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Clake - brake clutch mongrel

Discussion in 'Riding Gear and Bike Accessories/Parts' at netrider.net.au started by MarvinTheMartian, Jul 26, 2006.

  1. So did anyone else see the Clake on the New Inventors tonight?

    Seems it is a cross between a clutch and a rear brake lever all in one handy piece - replaces the clutch lever on the bike.

    Pull the lever part way in and the clutch is active, pull it all the way and the rear brake is activated.


  2. Give me a break :LOL:
  3. if i wanted to lock up the back wheel with my hand id get a push bike! :p

    good idea, I just wonder how well it would actually work though? imagine clutching to shift up just about to hit the redline and boom you lock your rear wheel up.
  4. Yep, same here :roll:
  5. It might have an application on dirt bikes and the inventor's a trials rider, but most people never use their rear brake on road bikes (I DO, but I was taught years ago how to adjust the rear brake properly)
  6. I use my rear brake alot and i would find that invention annoying. However, i really only use the rear brake when braking hard from higher speed (i'll apply it first to help settle the bike), while riding at very slow speed, while U-turning and whilst cornering if i need to make minor adjustments to my speed mid corner.

    I don't like the idea.
  7. on the virago i ONLY used the rear barke :S

    Night rider, it still aloows you to use your foot brake. just means if you pull your clutch too far, or rapidly (as in emergency stop situation) it will also apply the rear brake. would still shit me up the wall.
  8. Yeah but how hard does it apply the rear brake??? What if you adjust the rear foot brake, will this have an effect on the clutch activation of it???? How about as your pads wear down or you approach a fluid change???? Will all of these effect the clakes effectiveness due to the fact it would only apply the brake a certain amount due to the travel on the clutch lever, whereas a rear brake that has a decreased effectiveness due to any of the above variables can be compensated for, to a certain degree, by applying more pressure to the rear brake.

    EDIT: I should learn to read the article properly before opening my rather large mouth.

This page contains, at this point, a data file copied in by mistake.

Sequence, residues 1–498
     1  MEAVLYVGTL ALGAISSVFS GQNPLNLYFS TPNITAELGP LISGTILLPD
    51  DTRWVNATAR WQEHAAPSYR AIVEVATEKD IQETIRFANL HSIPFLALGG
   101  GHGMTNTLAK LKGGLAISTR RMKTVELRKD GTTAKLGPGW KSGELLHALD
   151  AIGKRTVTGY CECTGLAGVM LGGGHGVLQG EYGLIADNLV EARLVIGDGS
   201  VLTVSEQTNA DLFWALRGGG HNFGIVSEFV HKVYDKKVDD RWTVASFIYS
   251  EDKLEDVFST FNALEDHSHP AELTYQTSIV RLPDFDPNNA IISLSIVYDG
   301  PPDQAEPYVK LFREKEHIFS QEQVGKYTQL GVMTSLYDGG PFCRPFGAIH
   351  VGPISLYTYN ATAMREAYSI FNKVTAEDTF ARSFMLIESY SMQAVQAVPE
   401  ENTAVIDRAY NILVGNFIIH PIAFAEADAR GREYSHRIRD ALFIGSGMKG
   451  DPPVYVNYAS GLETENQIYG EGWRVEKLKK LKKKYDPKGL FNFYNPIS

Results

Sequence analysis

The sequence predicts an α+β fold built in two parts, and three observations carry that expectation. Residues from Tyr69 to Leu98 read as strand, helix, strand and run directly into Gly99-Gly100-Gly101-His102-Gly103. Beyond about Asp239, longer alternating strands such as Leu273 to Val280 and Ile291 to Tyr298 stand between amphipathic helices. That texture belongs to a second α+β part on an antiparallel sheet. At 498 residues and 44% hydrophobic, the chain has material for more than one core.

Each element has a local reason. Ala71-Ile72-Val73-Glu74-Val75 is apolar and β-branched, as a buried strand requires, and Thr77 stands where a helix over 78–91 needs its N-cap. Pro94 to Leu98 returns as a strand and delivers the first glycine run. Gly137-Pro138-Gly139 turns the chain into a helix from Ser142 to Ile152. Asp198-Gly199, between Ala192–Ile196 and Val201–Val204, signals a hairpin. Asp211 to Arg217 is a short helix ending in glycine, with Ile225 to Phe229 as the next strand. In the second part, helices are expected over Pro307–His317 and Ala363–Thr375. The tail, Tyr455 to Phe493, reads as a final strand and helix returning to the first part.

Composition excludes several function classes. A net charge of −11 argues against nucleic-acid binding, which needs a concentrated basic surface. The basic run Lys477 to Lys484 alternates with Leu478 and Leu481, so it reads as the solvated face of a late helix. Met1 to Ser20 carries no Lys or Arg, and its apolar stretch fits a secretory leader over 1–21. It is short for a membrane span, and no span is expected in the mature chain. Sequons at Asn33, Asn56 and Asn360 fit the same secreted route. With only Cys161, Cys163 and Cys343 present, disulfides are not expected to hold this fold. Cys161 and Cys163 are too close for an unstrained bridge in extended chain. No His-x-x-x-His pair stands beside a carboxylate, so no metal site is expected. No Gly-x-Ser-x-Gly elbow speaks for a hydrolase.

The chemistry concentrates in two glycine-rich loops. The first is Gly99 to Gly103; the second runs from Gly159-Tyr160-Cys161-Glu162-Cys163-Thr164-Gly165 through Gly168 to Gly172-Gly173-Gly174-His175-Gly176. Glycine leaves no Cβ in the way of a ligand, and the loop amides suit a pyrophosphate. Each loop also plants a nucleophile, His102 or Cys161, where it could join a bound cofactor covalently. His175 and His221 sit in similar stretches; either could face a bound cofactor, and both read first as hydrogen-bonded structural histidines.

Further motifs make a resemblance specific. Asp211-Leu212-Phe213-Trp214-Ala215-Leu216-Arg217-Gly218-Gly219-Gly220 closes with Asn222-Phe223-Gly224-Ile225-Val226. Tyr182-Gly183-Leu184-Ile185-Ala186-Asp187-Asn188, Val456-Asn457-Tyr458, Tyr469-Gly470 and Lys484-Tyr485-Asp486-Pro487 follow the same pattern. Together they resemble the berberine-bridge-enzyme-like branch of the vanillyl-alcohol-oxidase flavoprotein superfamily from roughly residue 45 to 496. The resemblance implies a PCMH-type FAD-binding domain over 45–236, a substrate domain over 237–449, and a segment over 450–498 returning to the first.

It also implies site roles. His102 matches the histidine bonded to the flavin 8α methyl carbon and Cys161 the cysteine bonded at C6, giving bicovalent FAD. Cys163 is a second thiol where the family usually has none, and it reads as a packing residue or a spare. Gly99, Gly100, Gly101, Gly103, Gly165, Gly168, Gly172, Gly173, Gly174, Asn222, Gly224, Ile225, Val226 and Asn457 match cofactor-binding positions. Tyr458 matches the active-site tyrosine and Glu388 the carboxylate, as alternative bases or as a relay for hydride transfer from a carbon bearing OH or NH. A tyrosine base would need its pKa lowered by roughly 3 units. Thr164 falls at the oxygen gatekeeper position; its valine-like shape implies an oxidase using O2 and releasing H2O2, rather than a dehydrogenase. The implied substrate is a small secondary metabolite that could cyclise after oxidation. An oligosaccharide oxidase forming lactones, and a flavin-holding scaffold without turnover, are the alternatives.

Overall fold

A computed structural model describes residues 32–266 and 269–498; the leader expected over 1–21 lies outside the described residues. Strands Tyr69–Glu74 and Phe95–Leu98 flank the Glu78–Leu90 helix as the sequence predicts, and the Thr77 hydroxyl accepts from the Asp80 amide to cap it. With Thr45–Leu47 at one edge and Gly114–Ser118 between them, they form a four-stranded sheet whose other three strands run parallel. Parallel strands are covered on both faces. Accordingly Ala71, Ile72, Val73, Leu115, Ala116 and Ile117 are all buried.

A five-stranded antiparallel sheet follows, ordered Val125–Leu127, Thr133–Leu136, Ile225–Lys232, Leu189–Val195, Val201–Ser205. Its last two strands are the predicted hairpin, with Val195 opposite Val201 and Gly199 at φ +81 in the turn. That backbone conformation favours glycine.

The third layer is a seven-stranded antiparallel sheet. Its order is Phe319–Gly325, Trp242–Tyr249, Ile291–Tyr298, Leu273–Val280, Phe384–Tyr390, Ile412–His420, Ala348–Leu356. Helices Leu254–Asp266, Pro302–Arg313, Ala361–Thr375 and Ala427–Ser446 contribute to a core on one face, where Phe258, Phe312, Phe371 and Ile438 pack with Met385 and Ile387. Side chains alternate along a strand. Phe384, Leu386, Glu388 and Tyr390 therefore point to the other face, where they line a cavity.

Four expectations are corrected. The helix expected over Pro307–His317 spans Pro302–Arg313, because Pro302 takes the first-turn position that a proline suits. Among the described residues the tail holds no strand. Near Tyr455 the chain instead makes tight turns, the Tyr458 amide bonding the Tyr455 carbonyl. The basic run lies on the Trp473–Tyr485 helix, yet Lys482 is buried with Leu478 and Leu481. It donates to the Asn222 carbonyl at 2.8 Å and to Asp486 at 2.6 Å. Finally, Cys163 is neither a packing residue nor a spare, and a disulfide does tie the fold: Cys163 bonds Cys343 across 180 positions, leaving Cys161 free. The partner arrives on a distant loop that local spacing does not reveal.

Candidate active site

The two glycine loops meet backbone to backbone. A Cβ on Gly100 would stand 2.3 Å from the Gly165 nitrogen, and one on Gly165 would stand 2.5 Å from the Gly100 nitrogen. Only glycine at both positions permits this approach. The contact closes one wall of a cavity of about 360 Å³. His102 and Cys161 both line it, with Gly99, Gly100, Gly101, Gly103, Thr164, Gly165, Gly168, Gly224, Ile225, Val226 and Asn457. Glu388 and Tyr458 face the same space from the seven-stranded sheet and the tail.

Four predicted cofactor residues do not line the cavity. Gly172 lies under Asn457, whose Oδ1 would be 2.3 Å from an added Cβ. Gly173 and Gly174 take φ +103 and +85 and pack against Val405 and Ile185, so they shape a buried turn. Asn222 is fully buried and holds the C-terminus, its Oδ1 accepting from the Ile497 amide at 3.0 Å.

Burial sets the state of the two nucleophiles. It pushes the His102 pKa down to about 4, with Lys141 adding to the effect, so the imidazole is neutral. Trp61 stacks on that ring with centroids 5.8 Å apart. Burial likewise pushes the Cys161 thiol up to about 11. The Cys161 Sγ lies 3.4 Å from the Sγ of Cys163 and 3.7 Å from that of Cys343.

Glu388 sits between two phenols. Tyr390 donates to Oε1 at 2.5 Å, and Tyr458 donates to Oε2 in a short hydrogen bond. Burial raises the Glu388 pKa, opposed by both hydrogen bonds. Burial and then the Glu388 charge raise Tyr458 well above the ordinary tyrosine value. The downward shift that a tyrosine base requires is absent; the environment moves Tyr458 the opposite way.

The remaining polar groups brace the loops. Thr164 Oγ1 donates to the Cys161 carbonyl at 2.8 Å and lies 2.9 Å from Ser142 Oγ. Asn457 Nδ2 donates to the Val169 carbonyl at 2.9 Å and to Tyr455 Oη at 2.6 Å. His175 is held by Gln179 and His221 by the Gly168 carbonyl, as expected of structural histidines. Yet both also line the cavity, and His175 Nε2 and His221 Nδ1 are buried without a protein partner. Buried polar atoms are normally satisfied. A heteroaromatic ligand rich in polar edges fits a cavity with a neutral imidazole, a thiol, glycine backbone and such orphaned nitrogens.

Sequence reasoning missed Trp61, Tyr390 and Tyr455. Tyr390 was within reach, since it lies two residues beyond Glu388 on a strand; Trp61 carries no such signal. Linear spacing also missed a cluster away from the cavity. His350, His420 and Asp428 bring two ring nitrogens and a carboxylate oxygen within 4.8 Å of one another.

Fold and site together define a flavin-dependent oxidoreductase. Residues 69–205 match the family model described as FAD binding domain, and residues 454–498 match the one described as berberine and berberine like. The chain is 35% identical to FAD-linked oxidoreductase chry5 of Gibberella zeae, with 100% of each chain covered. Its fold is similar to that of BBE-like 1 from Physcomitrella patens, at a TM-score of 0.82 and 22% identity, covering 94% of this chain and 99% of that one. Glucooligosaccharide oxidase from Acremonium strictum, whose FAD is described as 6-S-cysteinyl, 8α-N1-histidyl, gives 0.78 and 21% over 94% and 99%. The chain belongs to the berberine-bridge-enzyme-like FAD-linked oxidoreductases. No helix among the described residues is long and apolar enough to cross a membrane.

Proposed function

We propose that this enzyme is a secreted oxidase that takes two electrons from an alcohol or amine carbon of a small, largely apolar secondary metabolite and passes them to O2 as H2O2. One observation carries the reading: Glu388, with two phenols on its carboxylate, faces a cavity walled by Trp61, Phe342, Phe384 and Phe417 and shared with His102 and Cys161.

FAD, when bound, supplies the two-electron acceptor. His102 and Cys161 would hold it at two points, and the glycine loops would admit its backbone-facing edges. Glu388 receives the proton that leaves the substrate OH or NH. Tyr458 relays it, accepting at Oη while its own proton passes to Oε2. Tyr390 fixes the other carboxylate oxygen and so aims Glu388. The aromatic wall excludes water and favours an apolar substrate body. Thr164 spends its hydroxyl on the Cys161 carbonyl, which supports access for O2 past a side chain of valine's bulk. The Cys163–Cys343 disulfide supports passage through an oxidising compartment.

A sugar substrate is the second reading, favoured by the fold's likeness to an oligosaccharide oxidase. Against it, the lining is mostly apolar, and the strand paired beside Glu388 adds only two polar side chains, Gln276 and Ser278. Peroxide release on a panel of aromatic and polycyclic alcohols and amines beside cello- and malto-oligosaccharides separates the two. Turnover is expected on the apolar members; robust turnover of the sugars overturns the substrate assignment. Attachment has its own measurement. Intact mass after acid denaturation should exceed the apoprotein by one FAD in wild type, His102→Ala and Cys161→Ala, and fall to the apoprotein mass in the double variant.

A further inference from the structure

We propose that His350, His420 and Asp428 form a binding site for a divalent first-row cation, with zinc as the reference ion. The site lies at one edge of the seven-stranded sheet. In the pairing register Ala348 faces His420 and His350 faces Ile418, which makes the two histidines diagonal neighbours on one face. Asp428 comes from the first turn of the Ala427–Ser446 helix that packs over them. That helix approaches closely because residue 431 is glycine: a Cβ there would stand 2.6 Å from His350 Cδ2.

Therefore i guess it would have nice stong points aswell. It'd certainly be welcomed for hill starts allowing you to simply hold in the clutch lever allowing both feet to be put down for extra stability....Also it would be handy for tight right handers on a dirt squirting when you want a bit of rear brake cornering action as you generally have your foot of the pegs.
  9. the inventor guy said that it was most useful for dirtbikes when one needs to put the right foot down for stability but also need to use the rear brake. Another example he gave was going down steep hills where you want to use the rear brake to slow you, but due to leaning back on the bike it is inconvenient to reach the rear brake with your foot.

    One problem I see with it - road or not - is to use this it means your clutch is fully engaged when you are using the rear brake. Even for hill starts it means your clutch is JUST engaging when the rear brake is removed - this would require a lot of precision with the throttle. No more are the days when you can leave your rear brake on very lightly (and for a very short time) while accelerating from a hill start.
  10. I caught it on the telly last night, the unit looked well engineered, a lot of thought had gone into it, and it was well executed.

    It was designed solely for dirtbikes, but becasue componentry is often the same on roadbikes, there is no point in saying t hat it couldn'y be applied to roadies.

    The main argument for using it was when the riders' foot was out mid corner to stabilise, and the rear brake couldn't then be applied. Very useful in the right riders/racers hands.

    Similar to Doohans thumb-operated rear brake, which would be more suitable for road riders.
  11. You don't have to use it... Your rear brake is still able to be used normally.

    Even with my limited trials experience, I can see how trials riders would love it.

    Road use - unlikely because it doesn't really confer any advantage (except as he said - on steep hill starts).
  12. I think that's a great idea.

    But how many dirt bikes have hydro clutches? I can only think of KTM but I'm sure others on here know of others.

    So in saying that, the guy that came up with the idea has a small market which is full of KTM owners that typically only buy genuine replacements.

    I've riden dirt bikes for a while and I'd rather a brake and clutch over the combo clake.

    The old dude that had the foot operated tap had a much better idea and will surve tens of thousands more people.
  13. Me to. A bit like (for all you MTB guys out there) the new Shimano STI levers like the XT/XTR one. Cool idea, great engineering, but SUCK big time to use.

    But it's been done, foot operated taps are all over the place in Hospitals. And if you can't turn the taps, how do you adjust the temp? :grin: